Monday, 23 January 2012 00:15

Carl Rogers: Men Of Ideas

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Carl Rogers preached a sermon of unconditional positive self acceptance. As he saw it, neurosis and even psychosis is caused by our efforts to become idealized self concepts and defending those false selves with the various ego defenses. If folk lighten up and just be themselves they would live more peaceful, happy and productive lives. Rogers influenced the clinical practice of psychotherapy. I doubt that there is a clinician out there who does not practice an aspect of Rogers ’client centered, or as he later called it, person centered, therapy. He is considered one of the top ten psychologists of all time.


Ozodi Thomas Osuji

Carl Ransom Rogers (1902-1987) was an American psychologist who was primarily concerned with how to get the individual to function optimally. He noted the obstacles to the individual functioning optimally, being who he could be, and set out to help him be the best that he could become. His “Client Centered Therapy” (a book that he wrote in 1951) and later called “Person Centered Therapy” was preoccupied with understanding what makes the individual not actualize his potential and how to enable him do so. By generalization what are the forces that prevent human beings from being their best and how can we get society as a whole to function optimally?

Carl was born in the American Mid-West to a very rigidly Christian family. He was socialized to America’s unique brand of Christianity and its rigid morality. He was headed for the priesthood (he was a seminarian) when he began to question his upbringing and made career changes.

The Christian upbringing he was exposed to is one that posited several “should nots” that human beings are supposed to live up. Thou should not do this, this and this.

Any one who tried to meet all the should nots of Christianity would be so restricted in his affect, thinking and behavior that he would become a neurotic. He would become a neurotic because the same Christian religion having told him what he should not become told him what he should do: love and forgive his enemies, impossibility.

Can any human being love and forgive his enemies and still be on this earth? Jesus Christ, the protagonist of the Christian Bible, apparently, loved and forgave his enemies; look what it got him! They killed him!

If you love and forgave your enemies they would kill you and you, like your alleged savior, Jesus, would die.

The idea of total forgiveness is an ideal. Any one who tried to actualize that ideal would either die or become neurotic in the sense that he is seeking to do the impossible in this world.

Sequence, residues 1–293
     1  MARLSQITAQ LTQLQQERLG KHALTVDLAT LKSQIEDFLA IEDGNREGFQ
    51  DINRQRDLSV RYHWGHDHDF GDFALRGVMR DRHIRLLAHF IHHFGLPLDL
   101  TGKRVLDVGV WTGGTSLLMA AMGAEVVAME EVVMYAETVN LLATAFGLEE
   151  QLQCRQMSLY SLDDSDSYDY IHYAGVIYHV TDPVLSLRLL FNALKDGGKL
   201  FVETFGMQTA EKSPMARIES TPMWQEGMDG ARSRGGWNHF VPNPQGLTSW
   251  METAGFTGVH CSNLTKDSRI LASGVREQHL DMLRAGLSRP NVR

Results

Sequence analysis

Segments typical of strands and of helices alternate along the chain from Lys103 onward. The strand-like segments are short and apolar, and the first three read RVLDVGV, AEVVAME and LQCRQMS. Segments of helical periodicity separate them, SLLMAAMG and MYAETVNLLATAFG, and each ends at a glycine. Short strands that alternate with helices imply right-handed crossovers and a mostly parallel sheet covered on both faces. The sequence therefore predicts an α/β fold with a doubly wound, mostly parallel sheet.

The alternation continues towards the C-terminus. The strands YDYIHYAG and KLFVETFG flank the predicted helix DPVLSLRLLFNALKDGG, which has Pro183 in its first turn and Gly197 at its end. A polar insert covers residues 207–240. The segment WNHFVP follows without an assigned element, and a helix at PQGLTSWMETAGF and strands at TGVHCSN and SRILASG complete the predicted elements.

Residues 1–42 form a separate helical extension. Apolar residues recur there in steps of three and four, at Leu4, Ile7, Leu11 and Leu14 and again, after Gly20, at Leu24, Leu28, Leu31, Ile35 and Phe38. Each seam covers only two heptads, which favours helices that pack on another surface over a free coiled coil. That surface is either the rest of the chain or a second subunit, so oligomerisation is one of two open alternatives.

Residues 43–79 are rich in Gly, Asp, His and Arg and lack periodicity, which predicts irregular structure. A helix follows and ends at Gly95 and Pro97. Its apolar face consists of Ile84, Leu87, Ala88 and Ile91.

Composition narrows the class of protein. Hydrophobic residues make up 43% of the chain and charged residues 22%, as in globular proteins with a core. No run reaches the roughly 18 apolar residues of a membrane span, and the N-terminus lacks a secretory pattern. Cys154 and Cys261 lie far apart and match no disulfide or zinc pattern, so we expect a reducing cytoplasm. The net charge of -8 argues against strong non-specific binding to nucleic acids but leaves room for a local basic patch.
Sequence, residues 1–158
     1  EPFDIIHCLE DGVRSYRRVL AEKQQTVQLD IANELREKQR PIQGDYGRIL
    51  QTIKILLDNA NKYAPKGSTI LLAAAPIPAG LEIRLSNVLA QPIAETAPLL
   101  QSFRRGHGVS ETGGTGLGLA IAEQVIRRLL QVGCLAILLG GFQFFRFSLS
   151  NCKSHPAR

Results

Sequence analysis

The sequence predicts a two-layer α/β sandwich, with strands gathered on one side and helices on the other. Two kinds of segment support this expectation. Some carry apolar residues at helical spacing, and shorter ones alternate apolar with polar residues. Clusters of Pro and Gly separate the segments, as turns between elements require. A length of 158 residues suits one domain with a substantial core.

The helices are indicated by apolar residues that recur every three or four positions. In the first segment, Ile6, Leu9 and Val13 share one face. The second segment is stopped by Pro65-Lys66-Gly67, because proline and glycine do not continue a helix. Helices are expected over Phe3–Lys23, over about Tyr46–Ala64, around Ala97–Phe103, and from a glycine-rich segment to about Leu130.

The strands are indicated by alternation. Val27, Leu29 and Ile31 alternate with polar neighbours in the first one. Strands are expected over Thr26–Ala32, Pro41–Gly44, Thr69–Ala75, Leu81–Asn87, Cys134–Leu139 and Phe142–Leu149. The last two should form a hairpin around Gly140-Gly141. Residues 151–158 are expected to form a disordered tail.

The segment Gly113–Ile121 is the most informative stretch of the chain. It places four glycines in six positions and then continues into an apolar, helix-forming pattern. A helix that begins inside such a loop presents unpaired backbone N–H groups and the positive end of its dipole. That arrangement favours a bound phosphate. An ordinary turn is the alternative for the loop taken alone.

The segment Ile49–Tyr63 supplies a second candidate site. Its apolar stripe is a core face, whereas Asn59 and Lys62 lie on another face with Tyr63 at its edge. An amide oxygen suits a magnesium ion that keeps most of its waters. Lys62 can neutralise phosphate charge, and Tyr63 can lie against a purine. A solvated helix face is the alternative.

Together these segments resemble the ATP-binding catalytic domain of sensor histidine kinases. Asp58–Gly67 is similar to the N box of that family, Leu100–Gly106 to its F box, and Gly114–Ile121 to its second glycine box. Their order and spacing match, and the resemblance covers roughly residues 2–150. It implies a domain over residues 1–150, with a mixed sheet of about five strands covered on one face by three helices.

A neurotic is a person, as Karen Horney pointed out; who rejected his real self and the real world and attempts to live up to the ideals of his mentally constructed ideal self.

Christianity gives people ideals that aren’t compatible with this world and those who take those ideals seriously must either die or become neurotic. As Nietzsche pointed out, the last true Christian, Jesus, who tried to actualize Christian ideals, died on a cross at Golgotha/Calvary. The rest of the folk who call themselves Christian obviously do not practice the ideals of Christianity or else they would, like their savior die.  The few who try to take the ideals of Christianity seriously become neurotic.

Rogers was one of those few who took Christianity seriously, became neurotic and realized that he could not live up to its ideals. He gave up the pursuit of those ideals and lived as his real self.

Rogers was interested in figuring out how to make the neurotic who quests for impossible ideals to give them up and, instead, try actualizing his real self. How do you structure families and societies so that they do not produce neurotic children, children who seek ideals but instead seek what is real? How does one become ones real self?

By the way what is ones real self, as opposed to the mental constructs we call our ideal selves?

Rogers delineated the social forces that prevent the individual from being his real self and from actualizing his true potential; he described what we do in our efforts to actualize our imaginary ideal selves.

The ideal self is a mental construct, a fiction of how one ought to become and is not who one is, in fact. The ideal self is a false self and cannot be actualized. Yet the neurotic feels an inner pressure to actualize that false self concept and its self image.

Those who seek the ideal self must defend the ideal self, for the unreal needs defense to make it seem real.

The real does not need defense to be real; it is the false that needs constant defense to make it seem real.